Source: nimo5 on YouTube
quashlo no está en línea   Reply With Quote
Old March 16th, 2011, 09:19 AM   #674
quashlo
Registered User
 
Join Date: Jun 2008
Posts: 14,835
Likes (Received): 3215

JR West 287 series enters service: Part 2

Picture set:
Source: http://blogs.yahoo.co.jp/mcoo2005moka/

















quashlo no está en línea   Reply With Quote
Old March 16th, 2011, 09:25 AM   #675
quashlo
Registered User
 
Join Date: Jun 2008
Posts: 14,835
Likes (Received): 3215

Fukui Station elevation

I posted about the work for the Hokuriku Shinkansen viaduct at Fukui Station a few days ago, but now let’s take a tour at the newly-elevated zairaisen station and tracks.

The ground-level zairaisen tracks and station were replaced with an elevated five-track station. In total, approx. 3.3 km of the JR Hokuriku Line and approx. 2.7 km of the Echizen Railway (local private railway) will be elevated at the cost of ¥58.3 billion. The JR zairaisen part of the elevated station opened on 2005.04.18.
Source: http://saitoshika.blog119.fc2.com/



Underneath the elevated tracks on the south side, opposite the station faregates, is Prism Fukui, a large station retail zone with restaurants, souvenir shops, and a drugstore.



From Prism Fukui, looking at the station concourse and ticketing area. Overhead is an information board / advertising disply using plasma screen units.



Mezzanine level after passing through the faregates.



Platform level. Station is completely covered by a canopy to protect against snow.



“Breadloaf” 419 series waiting at the platform.



Kanazawa and Sapporo Stations both feature large, continuous canopies, but this one seems to be noticeably brighter.



These new skylights help natural light penetrate down onto the platforms. This is a new design created after complete-canopy designs left the platform areas slightly too dim at Kanazawa and Sapporo Stations even during midday.



The station is officially five tracks, but it’s really more like a four-track station + two island platforms and a half-bay platform shown here for the Etsumi-Hoku Line (Kuzuryū Line).



Thunderbird limited express stopped at the platform. The Thunderbird connects Fukui to Kyōto and Ōsaka.



Overall, an impressive station for a comparatively small city.
quashlo no está en línea   Reply With Quote
Old March 16th, 2011, 09:27 AM   #676
quashlo
Registered User
 
Join Date: Jun 2008
Posts: 14,835
Likes (Received): 3215

Toyama Station elevation construction update

A recent (2011.02) update on the ongoing construction at Toyama Station to elevate the zairaisen tracks and build new tracks for the Hokuriku Shinkansen, scheduled to open in 2014. Approx. 1.8 km of the JR Hokuriku Line / Takayama Line and 1.0 km of the Toyama Chihō Railroad (local private railway) will be elevated. Total cost of the project (excl. Shinkansen tracks) is ¥25 billion.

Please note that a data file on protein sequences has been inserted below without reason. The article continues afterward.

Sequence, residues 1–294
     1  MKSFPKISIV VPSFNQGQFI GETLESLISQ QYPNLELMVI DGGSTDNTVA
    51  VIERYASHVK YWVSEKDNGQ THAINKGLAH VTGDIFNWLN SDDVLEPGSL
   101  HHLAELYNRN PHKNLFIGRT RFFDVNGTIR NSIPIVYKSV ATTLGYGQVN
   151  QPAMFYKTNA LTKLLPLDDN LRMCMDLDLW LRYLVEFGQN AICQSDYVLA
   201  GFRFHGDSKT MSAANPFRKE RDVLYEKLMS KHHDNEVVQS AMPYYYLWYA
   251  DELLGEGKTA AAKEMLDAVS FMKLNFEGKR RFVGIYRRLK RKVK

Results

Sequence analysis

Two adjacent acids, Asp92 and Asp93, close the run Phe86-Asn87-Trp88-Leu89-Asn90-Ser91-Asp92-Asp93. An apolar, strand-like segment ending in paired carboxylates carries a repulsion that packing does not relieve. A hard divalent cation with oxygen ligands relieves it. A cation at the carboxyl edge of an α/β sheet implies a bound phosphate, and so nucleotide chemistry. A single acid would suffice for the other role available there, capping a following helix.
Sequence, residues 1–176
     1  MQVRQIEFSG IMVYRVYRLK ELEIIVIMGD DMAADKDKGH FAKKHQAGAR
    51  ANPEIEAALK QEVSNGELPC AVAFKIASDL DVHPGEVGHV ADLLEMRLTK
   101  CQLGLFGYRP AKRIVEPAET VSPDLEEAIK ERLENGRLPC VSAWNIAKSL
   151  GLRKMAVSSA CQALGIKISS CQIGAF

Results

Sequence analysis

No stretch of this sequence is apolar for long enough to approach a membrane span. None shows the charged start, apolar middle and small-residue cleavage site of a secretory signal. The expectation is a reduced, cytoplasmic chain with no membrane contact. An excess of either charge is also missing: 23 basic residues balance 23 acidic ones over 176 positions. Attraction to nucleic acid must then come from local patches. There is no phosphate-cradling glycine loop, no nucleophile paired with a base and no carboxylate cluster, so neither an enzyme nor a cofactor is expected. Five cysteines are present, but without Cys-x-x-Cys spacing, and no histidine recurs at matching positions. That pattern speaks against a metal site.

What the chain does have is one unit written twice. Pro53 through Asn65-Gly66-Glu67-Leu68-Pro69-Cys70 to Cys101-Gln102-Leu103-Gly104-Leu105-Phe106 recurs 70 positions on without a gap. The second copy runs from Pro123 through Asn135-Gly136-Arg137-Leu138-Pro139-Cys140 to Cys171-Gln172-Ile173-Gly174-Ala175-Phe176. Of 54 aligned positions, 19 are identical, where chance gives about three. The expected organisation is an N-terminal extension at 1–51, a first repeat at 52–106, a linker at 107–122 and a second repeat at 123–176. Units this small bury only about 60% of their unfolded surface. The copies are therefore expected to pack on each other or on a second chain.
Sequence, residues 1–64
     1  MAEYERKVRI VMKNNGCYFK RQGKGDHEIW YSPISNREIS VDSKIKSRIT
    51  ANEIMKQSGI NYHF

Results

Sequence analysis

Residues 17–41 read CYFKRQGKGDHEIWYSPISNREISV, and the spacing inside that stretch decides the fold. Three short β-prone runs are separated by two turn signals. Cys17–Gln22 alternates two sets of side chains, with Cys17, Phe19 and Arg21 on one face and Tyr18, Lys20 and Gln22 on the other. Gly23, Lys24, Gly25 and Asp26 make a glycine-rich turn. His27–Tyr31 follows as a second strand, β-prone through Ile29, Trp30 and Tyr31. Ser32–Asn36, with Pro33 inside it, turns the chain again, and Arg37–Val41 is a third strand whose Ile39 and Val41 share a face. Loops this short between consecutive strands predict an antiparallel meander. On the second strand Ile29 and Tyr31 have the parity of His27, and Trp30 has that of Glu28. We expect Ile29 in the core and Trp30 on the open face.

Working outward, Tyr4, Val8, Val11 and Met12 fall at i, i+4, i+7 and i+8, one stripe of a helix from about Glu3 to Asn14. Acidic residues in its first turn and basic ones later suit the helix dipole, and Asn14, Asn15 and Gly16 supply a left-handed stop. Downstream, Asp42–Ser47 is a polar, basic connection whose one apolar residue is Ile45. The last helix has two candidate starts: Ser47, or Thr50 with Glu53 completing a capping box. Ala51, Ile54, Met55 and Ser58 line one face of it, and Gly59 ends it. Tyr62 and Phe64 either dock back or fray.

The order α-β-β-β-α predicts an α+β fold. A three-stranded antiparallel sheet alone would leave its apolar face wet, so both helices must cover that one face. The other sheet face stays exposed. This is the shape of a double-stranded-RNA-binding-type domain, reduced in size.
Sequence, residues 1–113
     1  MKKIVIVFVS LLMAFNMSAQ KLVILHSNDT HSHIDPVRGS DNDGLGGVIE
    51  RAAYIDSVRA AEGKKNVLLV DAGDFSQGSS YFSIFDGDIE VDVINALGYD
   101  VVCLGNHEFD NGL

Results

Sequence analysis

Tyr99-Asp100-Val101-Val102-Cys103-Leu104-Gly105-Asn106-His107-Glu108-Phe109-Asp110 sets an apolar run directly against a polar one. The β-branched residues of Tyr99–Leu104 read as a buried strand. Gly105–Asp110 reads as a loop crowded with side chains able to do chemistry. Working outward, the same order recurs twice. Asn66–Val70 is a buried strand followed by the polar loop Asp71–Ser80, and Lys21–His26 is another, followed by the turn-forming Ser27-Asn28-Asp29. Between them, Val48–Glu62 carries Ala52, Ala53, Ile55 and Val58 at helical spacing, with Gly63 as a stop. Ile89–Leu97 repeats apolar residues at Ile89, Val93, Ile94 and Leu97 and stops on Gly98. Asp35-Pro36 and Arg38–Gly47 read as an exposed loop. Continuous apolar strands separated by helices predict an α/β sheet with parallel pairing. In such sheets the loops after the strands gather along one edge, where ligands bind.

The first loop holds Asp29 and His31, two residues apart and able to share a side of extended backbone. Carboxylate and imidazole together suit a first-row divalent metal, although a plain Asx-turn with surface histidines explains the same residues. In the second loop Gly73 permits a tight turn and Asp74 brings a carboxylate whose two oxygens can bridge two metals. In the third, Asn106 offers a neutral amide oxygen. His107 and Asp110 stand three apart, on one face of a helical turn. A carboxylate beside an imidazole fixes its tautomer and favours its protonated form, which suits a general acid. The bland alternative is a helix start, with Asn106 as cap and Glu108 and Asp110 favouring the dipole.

Source: http://saitoshika.blog119.fc2.com/

All the tracks, platforms, and other station facilities are new and temporary construction. The original ground level tracks and platforms have already been removed to allow for construction of the new elevated station.



Beautiful shot with the Hida Mountains in the background. The tracks bow out quite a bit for the construction site.





Preparing to set up another crawler crane?
Also some rebar cages for columns.



Looking in the opposite direction, west towards Kanazawa.



Zoom-in on the Jinzū River crossing. The Shinkansen bridge being constructed on the left will be another extradosed bridge like the Nagano Shinkansen’s Yashiro Bridge and the new Sannai-Maruyama Bridge on the Shin-Aomori extension of the Tōhoku Shinkansen.

quashlo no está en línea   Reply With Quote
Old March 16th, 2011, 01:00 PM   #677
Nephasto
Enlightened user
 
Nephasto's Avatar
 
Join Date: Feb 2004
Location: Porto
Posts: 5,802
Likes (Received): 71

Quote:
Originally Posted by quashlo View Post
140 km/h
That's really low.
I was expecting something more like 200km/h.
In Europe high speed trains cross with freight trains cross at 200km/h or more.

Quote:
Originally Posted by quashlo View Post
Final segment of Kyūshū Shinkansen’s Kagoshima route opens: Part 1

While festivities and special events were cancelled in light of the earthquake and tsunami that ravaged the Kantō and Tōhoku regions, the last section of the Kyūshū Shinkansen’s Kagoshima route, between Hakata and Shin-Yatsushiro, opened for service on 2011.03.12 as originally planned. In addition, new through-service between the San’yō and Kyūshū Shinkansen debuted on the Sakura and Mizuho trains, making travel both within Kyūshū and between Kyūshū and the Chūgoku or Kansai regions much easier by train. The mood was less celebratory and more solemn, but here’s a few videos for now to recap the second major Shinkansen event of this year.

Mizuho 600, the first direct-service train to Kagoshima Chūō, departs Shin-Ōsaka (2011.03.12).